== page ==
An article calling for a "pandemic amnesty," urging people to "move forward" and "forgive one another" for the words said and actions committed during Covid-19 has sparked controversy online.
On October 31, 2022, The Atlantic published a column written by the economist Emily Oster of Brown University titled, "Let's declare a pandemic amnesty."
In the article, she argued that people need to move past and mend social divisions caused by pandemic-related health measures taken to ensure safety over the past two years. This included things like mandatory masks, lockdowns, and shutting down of schools, among other things.
As for the Covid-19 response, Oster suggested that the errors made during the coronavirus were made by people "who were working in earnest for the good of society.” She said that with the uncertainty around the topic, nearly every position was "taken on every topic," and that on every topic, while someone was proven right, someone was proved wrong.
She noted that in some of the instances, people who were right were right for the wrong reasons. However, she said that people had a "prescient understanding" of the available information. According to Oster, people need to put these fights aside and declare "a pandemic amnesty."
Twitterati was not happy with the concept of "pandemic amnesty"
After Emily Oster's piece, "Let's declare a pandemic amnesty," went viral, Twitterati refused to side with her, and bashed the government for their "forced" past actions. Several users shared videos and pictures from the time of the crisis justifying their point. One user even stated that they would "never forgive" the culprits for degrading the economy and unemployment.
The op-ed piece specifically ticked off some Conservatives who refused to let Dr. Anthony Fauci "off the hook." The New York Times reported that Dr. Fauci, the head of the National Institute of Allergies and Infectious Diseases, became a bogeyman for several right-wing supporters. This happened as Republicans targeted Dr. Fauci in an attempt to court Donald Trump voters.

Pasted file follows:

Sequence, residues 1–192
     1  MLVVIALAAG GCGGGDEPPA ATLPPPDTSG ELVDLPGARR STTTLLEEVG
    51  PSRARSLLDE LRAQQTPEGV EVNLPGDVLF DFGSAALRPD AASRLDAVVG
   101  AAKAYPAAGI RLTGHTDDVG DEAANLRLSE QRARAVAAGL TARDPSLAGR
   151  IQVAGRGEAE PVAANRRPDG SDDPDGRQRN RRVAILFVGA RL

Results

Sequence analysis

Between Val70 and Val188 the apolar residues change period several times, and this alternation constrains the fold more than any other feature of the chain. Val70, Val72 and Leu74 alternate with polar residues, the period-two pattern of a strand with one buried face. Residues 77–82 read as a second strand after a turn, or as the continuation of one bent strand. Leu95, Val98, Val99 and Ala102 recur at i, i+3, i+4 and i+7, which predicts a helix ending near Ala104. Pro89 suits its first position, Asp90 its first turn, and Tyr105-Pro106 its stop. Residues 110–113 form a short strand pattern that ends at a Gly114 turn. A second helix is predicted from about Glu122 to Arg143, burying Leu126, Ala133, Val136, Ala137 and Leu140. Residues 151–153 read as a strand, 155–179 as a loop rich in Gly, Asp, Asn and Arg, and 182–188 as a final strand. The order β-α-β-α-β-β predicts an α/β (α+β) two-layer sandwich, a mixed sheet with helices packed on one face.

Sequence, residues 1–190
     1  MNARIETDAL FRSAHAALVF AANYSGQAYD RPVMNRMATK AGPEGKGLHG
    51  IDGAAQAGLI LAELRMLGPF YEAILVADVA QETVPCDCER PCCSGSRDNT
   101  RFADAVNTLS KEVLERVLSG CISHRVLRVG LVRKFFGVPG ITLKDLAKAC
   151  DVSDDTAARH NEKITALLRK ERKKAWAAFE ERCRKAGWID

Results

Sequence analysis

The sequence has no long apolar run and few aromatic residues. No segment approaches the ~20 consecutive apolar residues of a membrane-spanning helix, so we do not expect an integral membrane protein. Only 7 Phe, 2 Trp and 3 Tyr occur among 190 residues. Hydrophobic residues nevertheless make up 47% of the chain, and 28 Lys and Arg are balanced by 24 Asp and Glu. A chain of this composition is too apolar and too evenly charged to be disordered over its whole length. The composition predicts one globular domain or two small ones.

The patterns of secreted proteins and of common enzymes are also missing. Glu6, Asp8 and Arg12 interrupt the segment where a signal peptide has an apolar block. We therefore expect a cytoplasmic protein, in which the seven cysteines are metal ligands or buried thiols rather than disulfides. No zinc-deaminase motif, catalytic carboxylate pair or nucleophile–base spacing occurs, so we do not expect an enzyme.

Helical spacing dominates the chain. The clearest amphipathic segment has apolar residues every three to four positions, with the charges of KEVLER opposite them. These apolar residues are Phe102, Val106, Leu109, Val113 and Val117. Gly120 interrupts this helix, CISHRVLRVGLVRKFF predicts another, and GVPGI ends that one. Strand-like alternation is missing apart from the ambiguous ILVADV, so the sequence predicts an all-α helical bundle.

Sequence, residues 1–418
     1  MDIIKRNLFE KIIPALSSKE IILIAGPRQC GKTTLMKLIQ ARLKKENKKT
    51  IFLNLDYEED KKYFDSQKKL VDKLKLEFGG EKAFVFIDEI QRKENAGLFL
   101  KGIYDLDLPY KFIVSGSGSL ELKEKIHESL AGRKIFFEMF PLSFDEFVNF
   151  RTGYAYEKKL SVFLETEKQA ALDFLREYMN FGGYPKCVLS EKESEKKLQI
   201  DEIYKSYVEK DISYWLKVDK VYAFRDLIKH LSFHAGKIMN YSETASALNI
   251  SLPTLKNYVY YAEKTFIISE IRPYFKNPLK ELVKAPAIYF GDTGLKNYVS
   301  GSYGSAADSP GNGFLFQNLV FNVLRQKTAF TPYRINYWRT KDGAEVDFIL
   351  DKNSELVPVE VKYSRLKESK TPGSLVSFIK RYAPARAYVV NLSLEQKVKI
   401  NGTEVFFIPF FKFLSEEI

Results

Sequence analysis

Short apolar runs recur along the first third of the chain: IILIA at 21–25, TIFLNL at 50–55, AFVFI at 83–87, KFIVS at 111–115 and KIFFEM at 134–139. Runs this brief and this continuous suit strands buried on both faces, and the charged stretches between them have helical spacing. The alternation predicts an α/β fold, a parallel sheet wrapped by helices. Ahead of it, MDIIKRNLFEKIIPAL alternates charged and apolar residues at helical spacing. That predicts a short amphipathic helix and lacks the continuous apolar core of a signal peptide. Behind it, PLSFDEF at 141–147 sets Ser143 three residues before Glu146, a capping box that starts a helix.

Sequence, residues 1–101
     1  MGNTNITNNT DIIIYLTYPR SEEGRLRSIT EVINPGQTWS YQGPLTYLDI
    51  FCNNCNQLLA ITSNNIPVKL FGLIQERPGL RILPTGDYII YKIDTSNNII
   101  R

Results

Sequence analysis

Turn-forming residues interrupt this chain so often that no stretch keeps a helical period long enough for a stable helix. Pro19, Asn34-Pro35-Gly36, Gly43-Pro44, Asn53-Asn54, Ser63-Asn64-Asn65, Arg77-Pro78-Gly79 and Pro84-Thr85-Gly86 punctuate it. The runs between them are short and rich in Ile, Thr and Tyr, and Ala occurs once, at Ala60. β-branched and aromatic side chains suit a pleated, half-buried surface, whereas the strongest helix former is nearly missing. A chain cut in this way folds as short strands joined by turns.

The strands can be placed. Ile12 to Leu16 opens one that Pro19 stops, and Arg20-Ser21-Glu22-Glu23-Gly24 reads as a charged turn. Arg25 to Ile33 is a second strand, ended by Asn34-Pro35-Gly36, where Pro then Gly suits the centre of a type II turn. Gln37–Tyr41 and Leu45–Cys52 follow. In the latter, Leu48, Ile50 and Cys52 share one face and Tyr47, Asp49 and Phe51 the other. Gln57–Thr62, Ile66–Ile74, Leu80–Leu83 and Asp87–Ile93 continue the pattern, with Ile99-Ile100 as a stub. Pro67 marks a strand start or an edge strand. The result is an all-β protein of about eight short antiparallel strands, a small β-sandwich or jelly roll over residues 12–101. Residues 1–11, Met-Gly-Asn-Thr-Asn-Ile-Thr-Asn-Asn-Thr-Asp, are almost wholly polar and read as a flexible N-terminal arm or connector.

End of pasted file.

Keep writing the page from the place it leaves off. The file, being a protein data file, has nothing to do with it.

Reports suggest Republicans suffering more than the Democrats during the pandemic
A study, titled, "Partisan differences are common in the lessons Americans take away from COVID-19," was released on September 6 by the Pew Research Center.
The study revealed that more Republicans died from the Covid-19 than the Democrats. The reason suggested was their ability to trust the advice from the public health authorities.
“Skepticism toward vaccines is the top response among Republicans, and mentions of distrust of the pharmaceutical industry and government officials are also relatively frequent."
In another study, "The Association Between COVID-19 Mortality And The County-Level Partisan Divide In The United States," the results seen were quite similar. This study showed that the countries with majority Republicans saw more deaths from Covid than those with majority Democrats.
Jacob Wallace, an assistant professor of health policy at the Yale School of Public Health, spoke to NBC News. He suggested that the gap between the two could be due to vaccine hesitancy. He added that the countries that have a larger population get vaccinated see a much smaller gap between Republicans and Democrats.”
He further said that Florida and Ohio, which saw excess deaths during Covid, did not really have a big divide until vaccines became available for all.